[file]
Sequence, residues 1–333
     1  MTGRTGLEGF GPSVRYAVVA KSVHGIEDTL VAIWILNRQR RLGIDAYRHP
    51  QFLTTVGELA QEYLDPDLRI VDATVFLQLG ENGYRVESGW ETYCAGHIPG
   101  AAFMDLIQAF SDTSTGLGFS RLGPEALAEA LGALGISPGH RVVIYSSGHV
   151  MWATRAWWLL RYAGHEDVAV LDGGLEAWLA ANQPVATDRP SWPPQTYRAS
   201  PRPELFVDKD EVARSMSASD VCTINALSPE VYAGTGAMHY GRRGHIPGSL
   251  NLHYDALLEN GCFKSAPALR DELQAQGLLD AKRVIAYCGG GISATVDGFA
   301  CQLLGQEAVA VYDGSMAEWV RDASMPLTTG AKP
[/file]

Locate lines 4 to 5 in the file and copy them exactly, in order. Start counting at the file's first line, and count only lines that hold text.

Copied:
   101  AAFMDLIQAF SDTSTGLGFS RLGPEALAEA LGALGISPGH RVVIYSSGHV
   151  MWATRAWWLL RYAGHEDVAV LDGGLEAWLA ANQPVATDRP SWPPQTYRAS